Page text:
http://www.theguardian.com/commentisfree/2014/sep/21/is-the-union-secure-for-a-generation-andrew-rawnsley?CMP=fb_gu

It will not have escaped your notice – it certainly has not escaped the notice of either Labour or the Tories – that the next election looks like it will be extremely tight. We could end up with a parliament in which there is a Labour government with a parliamentary majority on foreign affairs and defence, but not for any legislation covering a host of domestic issues in England. A Labour health secretary would be rendered utterly impotent, with no power over the NHS in devolved Scotland, Wales and Northern Ireland, and no ability to pass law concerning health in England either.’

USA style deadlock!!

September 26, 2014

'The yes campaign was much more vivid, inclusive and visible than the no campaign and this was its greatest strength. But it also made them vulnerable. Such was the broad spectrum of yes groups that it was impossible to impose a structured discipline on them.'

say it all really

http://www.theguardian.com/commentisfree/2014/sep/20/scottish-referendum-campaign-emotional-raw-civilised?CMP=fb_gu

TTIP is lame:

http://www.theguardian.com/commentisfree/2014/sep/14/ttip-deal-british-sovereignty-cameron-ukip-treaty

'It was never about sovereignty. The right is more than happy to surrender British sovereignty to corporations. When Cameron vetoed an EU treaty in 2011, it was not the national interest he was safeguarding, but the City’s. ‘

'Take Australia, which signed an investment treaty with Hong Kong in 1993. When Australia’s federal government introduced legislation to enforce plain cigarette packaging, the Asian arm of the cigarette company Philip Morris used the treaty to sue it.’

hypocrisy

Armanando Ianucci dropping truth bombs:

'The two numbers I take away from this week are not 55% or 45% but 84.5% and 16. 84.5% is the extraordinary turnout from Thursday, and 16 is the age from which those people could vote.'

'Disengagement from the public has been a conscious tactic of the political parties. They have concentrated aggressively on a minority in the middle, the 100,000 or so who make all the difference in key marginal constituencies. Forgotten now are people at the edges, the non-voters, the marginalised, the claimants. They won't vote, so why bother canvassing them? In fact, why bother targeting any policies at them? Far better to demonise them in the eyes of those who will vote.'

http://www.theguardian.com/commentisfree/2014/sep/21/scottish-referendum-massive-voter-turnout-means-politics-changed-for-ever?CMP=fb_gu

politics has to start mattering to people

also this is good:

http://www.nytimes.com/interactive/2014/05/29/magazine/srebrenica-life-in-the-valley-of-death.html

'How do you knit back together a society when those primarily responsible for tearing it apart don’t believe they did anything wrong?'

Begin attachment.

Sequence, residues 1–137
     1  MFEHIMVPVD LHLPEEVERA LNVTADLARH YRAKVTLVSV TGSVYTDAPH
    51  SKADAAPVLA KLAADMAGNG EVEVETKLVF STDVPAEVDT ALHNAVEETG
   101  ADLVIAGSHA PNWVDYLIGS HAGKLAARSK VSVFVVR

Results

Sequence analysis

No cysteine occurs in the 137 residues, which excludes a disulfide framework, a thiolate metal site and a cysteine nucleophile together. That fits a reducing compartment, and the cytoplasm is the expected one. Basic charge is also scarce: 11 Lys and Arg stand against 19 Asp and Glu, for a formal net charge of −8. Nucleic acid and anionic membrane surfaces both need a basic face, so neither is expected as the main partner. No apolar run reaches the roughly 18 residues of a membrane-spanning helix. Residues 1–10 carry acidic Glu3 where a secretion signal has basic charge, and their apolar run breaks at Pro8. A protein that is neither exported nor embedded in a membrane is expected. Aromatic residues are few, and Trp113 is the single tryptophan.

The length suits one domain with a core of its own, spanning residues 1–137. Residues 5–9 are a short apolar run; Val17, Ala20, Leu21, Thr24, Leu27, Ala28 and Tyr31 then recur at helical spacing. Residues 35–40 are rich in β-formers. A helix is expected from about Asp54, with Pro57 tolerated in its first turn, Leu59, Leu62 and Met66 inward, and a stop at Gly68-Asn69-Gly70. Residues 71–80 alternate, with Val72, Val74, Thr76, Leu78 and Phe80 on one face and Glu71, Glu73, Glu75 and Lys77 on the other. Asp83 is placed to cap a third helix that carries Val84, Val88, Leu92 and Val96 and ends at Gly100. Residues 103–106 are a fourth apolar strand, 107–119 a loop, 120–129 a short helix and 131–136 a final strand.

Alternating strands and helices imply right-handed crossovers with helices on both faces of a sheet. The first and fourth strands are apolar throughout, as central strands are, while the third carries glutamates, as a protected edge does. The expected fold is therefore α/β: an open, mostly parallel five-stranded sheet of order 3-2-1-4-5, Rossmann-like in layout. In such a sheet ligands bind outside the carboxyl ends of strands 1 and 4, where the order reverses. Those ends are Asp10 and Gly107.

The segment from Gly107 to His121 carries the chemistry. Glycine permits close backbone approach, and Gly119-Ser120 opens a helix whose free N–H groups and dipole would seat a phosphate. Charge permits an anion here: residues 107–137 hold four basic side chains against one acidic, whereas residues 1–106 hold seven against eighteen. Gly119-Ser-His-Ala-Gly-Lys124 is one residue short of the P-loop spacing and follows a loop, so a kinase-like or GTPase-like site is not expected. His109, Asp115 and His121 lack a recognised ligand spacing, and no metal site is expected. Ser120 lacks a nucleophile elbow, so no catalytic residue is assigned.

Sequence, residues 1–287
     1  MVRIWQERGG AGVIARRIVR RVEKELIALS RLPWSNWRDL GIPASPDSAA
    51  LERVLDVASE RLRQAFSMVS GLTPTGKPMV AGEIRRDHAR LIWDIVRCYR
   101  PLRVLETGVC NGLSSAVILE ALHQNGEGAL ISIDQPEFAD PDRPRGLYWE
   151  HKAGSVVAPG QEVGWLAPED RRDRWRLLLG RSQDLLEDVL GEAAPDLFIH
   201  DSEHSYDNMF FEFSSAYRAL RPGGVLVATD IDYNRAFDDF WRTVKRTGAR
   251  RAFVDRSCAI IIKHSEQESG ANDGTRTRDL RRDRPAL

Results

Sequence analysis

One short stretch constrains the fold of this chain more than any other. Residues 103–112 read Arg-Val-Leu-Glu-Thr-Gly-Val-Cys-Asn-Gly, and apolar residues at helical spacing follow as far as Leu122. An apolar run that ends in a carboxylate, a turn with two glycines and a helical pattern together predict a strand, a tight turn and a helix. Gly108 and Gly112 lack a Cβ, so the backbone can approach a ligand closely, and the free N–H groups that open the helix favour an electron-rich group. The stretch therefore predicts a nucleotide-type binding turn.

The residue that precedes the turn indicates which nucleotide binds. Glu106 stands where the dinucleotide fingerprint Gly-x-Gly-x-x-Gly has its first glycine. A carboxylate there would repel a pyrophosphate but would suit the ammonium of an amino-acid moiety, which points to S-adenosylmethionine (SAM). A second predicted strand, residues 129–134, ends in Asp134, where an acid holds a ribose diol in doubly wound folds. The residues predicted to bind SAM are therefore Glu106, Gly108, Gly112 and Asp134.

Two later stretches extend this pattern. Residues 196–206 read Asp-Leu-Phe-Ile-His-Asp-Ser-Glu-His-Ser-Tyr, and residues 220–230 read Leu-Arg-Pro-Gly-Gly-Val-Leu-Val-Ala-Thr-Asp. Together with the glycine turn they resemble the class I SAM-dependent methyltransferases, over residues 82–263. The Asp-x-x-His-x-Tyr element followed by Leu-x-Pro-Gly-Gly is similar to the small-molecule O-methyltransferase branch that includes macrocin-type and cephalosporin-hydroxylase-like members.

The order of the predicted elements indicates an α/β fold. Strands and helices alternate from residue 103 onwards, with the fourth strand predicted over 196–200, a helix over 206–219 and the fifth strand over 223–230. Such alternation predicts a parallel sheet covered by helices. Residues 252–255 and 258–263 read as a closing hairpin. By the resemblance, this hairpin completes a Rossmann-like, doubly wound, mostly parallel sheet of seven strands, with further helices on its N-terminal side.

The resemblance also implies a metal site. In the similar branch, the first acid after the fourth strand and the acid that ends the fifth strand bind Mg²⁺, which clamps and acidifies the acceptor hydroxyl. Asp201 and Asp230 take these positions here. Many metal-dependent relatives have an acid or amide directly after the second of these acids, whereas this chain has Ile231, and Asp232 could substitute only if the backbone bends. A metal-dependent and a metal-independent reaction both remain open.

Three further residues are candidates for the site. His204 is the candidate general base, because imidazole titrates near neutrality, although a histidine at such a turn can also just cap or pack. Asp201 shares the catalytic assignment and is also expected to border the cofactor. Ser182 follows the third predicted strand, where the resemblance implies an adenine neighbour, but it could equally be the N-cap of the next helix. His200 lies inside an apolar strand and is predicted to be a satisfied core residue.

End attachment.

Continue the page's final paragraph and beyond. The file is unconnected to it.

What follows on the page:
'At least initially, this spirit of moral equivalence was shared by many of the outside powers that might have helped bring the carnage to an end. Well into 1993, the ongoing Bosnian tragedy provoked intense hand-wringing in Washington and Western European capitals. When finally the sheer scale of Serbian atrocities compelled the international community to act, it was with an ever-changing grab bag of half-measures, all of them overseen by a political and military chain of command so complex as to induce paralysis.'

…’Driving the white U.N. vehicles and donning the blue U.N. helmets they had taken from the Dutch, the Serbs lured many out of the forest by claiming to be U.N. soldiers there to rescue them. Within days, all these captives, along with those taken at the Potocari compound, had been led to the killing fields.’

Fucking nuts

'Muslims, who made up three-quarters of the population before the war, are now a minority [in Srebenica]. That shift is largely explained by the fact that the district is now a part of the Republic of Srpska, which was allowed to remain in existence after the brokered end of the war.'

To Milos Milanovic, a Serbian member of the Srebrenica City Council, that’s the best that can be hoped for. “There is never any discussion about these things, only arguing,” he told me. During the war, Milanovic, now 50, was a member of the Srspka armed forces and was present at the fall of Srebrenica. “It’s mostly propaganda,” he said of the numbers killed in the July 1995 massacre. “The Muslims have even presented our victims as their victims. They need to keep the death count high to present Serbs as the only criminals and to cover up their own war crimes.”

The annual July 11 ceremony is especially galling to Milanovic, and as a city councilman he has proposed that any municipal funds spent on that event be matched by a fund to commemorate Serb victims. “I think this is the only way we can start to get past the Muslim manipulations,” he said.